Roast is a fairly broad term when it comes to cuts of meat. There is pot roast, which is usually a tougher cut of meat cooked using a braise, or with a bit a liquid in a low temperature oven or slow cooker.
Then there is the classic rib roast, cooked medium-rare and sliced thinly. This technique is easily translated to venison, and can be used with either a chunk of backstrap from an elk or moose, or the top round from the hindquarter of a deer (or any animal in the deer family).
The key to cooking a venison roast this way is faith, as in there is no peeking into the oven during the two-hour rest period. Just turn off the oven after the recommended cooking time of 5 minutes per pound, then walk away for a couple of ours. Opening the oven will release the heat that continues to cook the roast even after the oven is turned off. If you are worried about overcooking, a remote temperature probe stuck into the middle of the roast will let you know when the roast reaches the target temperature of 130 degrees.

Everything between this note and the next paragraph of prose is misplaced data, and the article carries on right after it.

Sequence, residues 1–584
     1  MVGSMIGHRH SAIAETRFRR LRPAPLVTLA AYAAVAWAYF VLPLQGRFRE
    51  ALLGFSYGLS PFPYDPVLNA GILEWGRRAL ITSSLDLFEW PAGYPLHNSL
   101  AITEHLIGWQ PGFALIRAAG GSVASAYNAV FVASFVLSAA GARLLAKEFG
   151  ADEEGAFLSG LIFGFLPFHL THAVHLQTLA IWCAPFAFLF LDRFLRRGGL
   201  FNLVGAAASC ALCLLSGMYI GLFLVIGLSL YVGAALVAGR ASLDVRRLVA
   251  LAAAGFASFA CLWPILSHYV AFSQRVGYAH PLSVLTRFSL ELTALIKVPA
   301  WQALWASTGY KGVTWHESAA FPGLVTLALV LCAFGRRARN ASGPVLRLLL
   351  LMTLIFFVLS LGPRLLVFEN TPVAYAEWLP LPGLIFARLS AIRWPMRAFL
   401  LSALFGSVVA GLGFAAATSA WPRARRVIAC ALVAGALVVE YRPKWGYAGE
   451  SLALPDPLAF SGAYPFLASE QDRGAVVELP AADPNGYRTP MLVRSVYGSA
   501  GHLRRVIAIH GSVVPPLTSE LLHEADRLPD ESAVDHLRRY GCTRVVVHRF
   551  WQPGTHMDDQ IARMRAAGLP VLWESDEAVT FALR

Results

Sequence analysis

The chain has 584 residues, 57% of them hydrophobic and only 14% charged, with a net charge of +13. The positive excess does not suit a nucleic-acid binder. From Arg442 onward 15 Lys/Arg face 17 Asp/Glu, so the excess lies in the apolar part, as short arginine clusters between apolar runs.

1. Preheat the oven to 500 degrees
2. As the oven heats, coat the roast all over with your favorite wild-game spices, or keep it simple with a paste of salt, pepper, minced garlic and a little olive oil.
3. Set the roast in a Dutch oven or shallow roasting pan and place it in the pre-heated oven. Let cook five minutes per pound for medium rare, or 7 minutes per pound for medium. Turn off the oven and walk away. Do not open the oven door!
4. Let the venison roast rest in the warm oven for two hours. After the two hours is up, remove the roast from the oven and slice as thinly as possible.
Venison roast or backstraps